Early Prosthetic Management Can Lead to Better Outcomes

Early Prosthetic Management Can Lead to Better Outcomes
30 Jan 2017

Few topics in rehabilitation elicit more debate and exhibit less consensus than the management of patients in the first days after lower-extremity amputation surgery and the timing and method of their transition into a prosthetic limb.

This important decision is impacted by (1) the surgeon’s natural desire to closely monitor the new amputee’s recovery by regularly examining the progress of wound healing; (2) rehabilitation practitioners’ preference for resuming exercise and initiating weight-bearing and prosthetic intervention as soon as practicable; and (3) reimbursement realities.

Certainly, the age and health of the patient affect the decision. A young, traumatic amputee may be capable of taking his first steps a few days after surgery, while an elderly, dysvascular patient may take weeks or months before the clinical team feels comfortable initiating prosthetic care. In some instances, of course, the amputee’s general state of health rules out prosthetic intervention altogether.

In 2003, the American Academy of Orthotists and Prosthetists funded a Clinical Standards of Practice (CSOP) consensus conference on lower-limb post-amputation management. The CSOP concept is used by various medical professionals to examine practice concepts that are poorly or under-reported in the literature.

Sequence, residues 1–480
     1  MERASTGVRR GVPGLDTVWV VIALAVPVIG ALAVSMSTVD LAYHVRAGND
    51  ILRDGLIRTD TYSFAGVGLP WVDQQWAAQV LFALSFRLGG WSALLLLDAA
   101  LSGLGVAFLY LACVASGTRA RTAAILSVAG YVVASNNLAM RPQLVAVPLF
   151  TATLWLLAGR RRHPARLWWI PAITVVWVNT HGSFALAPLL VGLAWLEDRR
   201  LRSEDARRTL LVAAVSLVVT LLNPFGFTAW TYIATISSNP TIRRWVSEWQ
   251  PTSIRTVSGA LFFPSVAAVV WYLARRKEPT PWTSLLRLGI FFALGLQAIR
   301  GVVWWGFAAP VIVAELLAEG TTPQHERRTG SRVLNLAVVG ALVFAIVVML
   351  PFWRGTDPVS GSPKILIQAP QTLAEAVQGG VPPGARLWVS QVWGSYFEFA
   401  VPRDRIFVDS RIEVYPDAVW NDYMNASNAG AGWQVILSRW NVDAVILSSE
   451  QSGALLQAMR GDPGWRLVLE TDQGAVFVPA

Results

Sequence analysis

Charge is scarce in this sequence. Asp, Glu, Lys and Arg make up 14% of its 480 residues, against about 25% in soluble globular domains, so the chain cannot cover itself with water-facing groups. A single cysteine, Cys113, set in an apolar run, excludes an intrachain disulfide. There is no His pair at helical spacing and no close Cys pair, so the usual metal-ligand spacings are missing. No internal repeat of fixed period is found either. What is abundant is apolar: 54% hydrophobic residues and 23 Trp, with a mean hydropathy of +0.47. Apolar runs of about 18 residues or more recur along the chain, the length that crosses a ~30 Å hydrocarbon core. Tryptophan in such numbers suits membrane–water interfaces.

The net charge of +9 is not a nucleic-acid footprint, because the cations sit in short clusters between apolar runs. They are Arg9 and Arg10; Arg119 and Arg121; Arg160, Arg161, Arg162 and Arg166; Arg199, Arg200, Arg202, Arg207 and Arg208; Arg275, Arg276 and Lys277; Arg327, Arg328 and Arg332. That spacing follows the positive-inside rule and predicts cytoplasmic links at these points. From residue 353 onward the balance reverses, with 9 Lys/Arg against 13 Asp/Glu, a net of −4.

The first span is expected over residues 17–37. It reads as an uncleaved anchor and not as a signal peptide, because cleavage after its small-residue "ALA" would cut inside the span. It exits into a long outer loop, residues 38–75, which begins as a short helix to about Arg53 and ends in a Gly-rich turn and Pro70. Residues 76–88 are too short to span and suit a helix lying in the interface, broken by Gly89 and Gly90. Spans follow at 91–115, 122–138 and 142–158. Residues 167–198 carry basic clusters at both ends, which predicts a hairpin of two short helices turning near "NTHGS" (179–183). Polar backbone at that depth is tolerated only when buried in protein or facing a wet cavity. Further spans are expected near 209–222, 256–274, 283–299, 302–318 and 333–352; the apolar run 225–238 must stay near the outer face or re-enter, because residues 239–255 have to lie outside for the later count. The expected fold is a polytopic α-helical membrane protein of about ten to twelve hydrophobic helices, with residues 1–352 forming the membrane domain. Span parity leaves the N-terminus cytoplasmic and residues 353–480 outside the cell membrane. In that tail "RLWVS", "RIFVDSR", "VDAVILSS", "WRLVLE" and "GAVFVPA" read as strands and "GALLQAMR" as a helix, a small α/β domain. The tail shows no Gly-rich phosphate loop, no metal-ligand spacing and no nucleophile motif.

In an intensive two-day process, the assembled multidisciplinary team of experts reviewed and compared the five predominant post-amputation management strategies:

• Soft dressings
• Non-removable rigid dressings
• Non-removable rigid dressings with an immediate post-operative prosthesis (IPOP)
• Removable rigid plaster dressings (RRDs), and
• Prefabricated post-operative prosthetic systems.

The participants concluded that the current level of research does not make possible evidence-based protocols or recommendations favoring one approach over another. However, the CSOP literature review did confirm that rigid dressings do produce significantly accelerated rehabilitation periods and considerably less edema than soft dressings, and that significantly fewer post-operative complications are experienced with prefabricated postoperative prosthetic systems than with soft dressings. Other definitive comparisons are lacking at present.

This CSOP has focused new attention on the benefits and drawbacks of the various approaches and accentuated the need for future research comparing all types of dressings within one study.

Moving from Amputation to Ambulation

Examining amputation dressing alternatives in more detail:

• A soft dressing – soft gauze used alone or in conjunction with a device such as an ACE wrap, shrinker sock, or gel liner to achieve compression and perhaps some form of a knee immobilizer to counter contractures – can be easily removed for wound inspection.

However, potential drawbacks impacting early prosthetic intervention are significant: reduced edema control, increased risk of contractures, extended inactivity and depression from being confined to bed for a long period.

Prosthetic management may not begin until the third or fourth month after surgery, by which time the patient’s motivation to ambulate may have waned.

• A rigid dressing can prevent most of these problems. This dressing is usually constructed of plaster, fiberglass or a combination, and if it is to serve as the foundation of an IPOP incorporates an attachment for the prosthetic components. In addition to controlling edema and preventing contractures, a rigid dressing helps reduce pain and guards against wound contamination.